Some 2,288 of the 3,000 refugees who asked to go back home have so far done so.
It was a happy reunion for about 320 Central African Republic, CAR refugees who fled fighting back home in 2016 to Congo Brazzaville when they were returned home over the weekend with the assistance of the United Nations High Commission for Refugees, UNHCR. Radio France International, RFI reported that the refugees voluntarily went back home for various reasons, with some saying they felt their country was now safer and more peaceful.
The refugees in the Congolese locality of Bétou in the northern part of the country, crossed the frontier in a convoy of six UN-marked vehicles before arriving their destination in CAR’s Moungoumba Council. Initially, there were 32,000 CAR refugees who fled ethnic fighting to Congo Brazzaville between 2015 and 2016. However, most of them are still reluctant to return home, arguing that peace and security were not yet guaranteed.
Out of the 3,000 Central African refugees in Bétou who requested to return home, 2,288 have so far done so. UN officials said more repatriations will be organised in the coming months after the seventh exercise on October 19, 2018. Jean-Cyriaque Grahouan, UNHCR Protection Officer in Bangui, the Central African Republic capital, said financial assistance will be offered to the returning refugees to enable them settle down, though he did not mention the amount.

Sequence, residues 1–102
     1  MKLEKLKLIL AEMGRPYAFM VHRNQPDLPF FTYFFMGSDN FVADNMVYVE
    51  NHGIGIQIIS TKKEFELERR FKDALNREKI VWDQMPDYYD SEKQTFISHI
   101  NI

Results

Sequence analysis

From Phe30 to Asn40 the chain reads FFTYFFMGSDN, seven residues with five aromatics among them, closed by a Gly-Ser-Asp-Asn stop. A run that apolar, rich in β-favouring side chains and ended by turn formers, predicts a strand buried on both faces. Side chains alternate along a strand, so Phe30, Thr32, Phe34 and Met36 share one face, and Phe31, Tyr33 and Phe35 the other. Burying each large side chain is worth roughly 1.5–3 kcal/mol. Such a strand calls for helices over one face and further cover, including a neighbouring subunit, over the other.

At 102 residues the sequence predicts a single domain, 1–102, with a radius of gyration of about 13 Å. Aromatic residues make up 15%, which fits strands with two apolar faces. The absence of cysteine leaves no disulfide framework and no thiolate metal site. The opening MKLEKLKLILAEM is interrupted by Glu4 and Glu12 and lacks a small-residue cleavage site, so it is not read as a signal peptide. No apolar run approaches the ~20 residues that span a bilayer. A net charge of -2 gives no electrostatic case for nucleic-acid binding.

The Central African Republic has been in turmoil since the Séléka rebel coalition overthrew President François Bozizé in 2013. The aftermath saw widespread violence as armed militia fought each other and took revenge on the population. The March 2016 election of President Faustin-Archange Touadéra brought an initial lull, but was followed by more fighting in late 2016 and early 2017 between armed groups, including ex-Séléka factions and anti-Balaka militias – both controlling vast areas of the country. Lasting peace is still some way off as neither the new government nor the large UN force and other peacekeepers have so far not been able to force all armed groups to negotiate and disarm.